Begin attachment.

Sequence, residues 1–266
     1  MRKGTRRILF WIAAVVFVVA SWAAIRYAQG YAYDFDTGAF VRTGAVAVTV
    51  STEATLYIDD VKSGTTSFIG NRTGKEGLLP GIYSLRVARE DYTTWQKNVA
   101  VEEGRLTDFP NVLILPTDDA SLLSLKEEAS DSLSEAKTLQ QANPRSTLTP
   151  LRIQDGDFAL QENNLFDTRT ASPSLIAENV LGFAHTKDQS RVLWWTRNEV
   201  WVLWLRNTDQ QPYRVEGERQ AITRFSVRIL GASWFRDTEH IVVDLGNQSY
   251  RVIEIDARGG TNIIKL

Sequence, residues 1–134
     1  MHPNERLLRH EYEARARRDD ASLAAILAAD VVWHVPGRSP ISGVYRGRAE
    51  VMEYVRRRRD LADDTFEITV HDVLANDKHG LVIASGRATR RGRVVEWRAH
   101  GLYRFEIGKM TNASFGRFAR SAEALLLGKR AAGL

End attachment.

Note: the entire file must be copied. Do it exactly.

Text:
Sequence, residues 1–266
     1  MRKGTRRILF WIAAVVFVVA SWAAIRYAQG YAYDFDTGAF VRTGAVAVTV
    51  STEATLYIDD VKSGTTSFIG NRTGKEGLLP GIYSLRVARE DYTTWQKNVA
   101  VEEGRLTDFP NVLILPTDDA SLLSLKEEAS DSLSEAKTLQ QANPRSTLTP
   151  LRIQDGDFAL QENNLFDTRT ASPSLIAENV LGFAHTKDQS RVLWWTRNEV
   201  WVLWLRNTDQ QPYRVEGERQ AITRFSVRIL GASWFRDTEH IVVDLGNQSY
   251  RVIEIDARGG TNIIKL

Sequence, residues 1–134
     1  MHPNERLLRH EYEARARRDD ASLAAILAAD VVWHVPGRSP ISGVYRGRAE
    51  VMEYVRRRRD LADDTFEITV HDVLANDKHG LVIASGRATR RGRVVEWRAH
   101  GLYRFEIGKM TNASFGRFAR SAEALLLGKR AAGL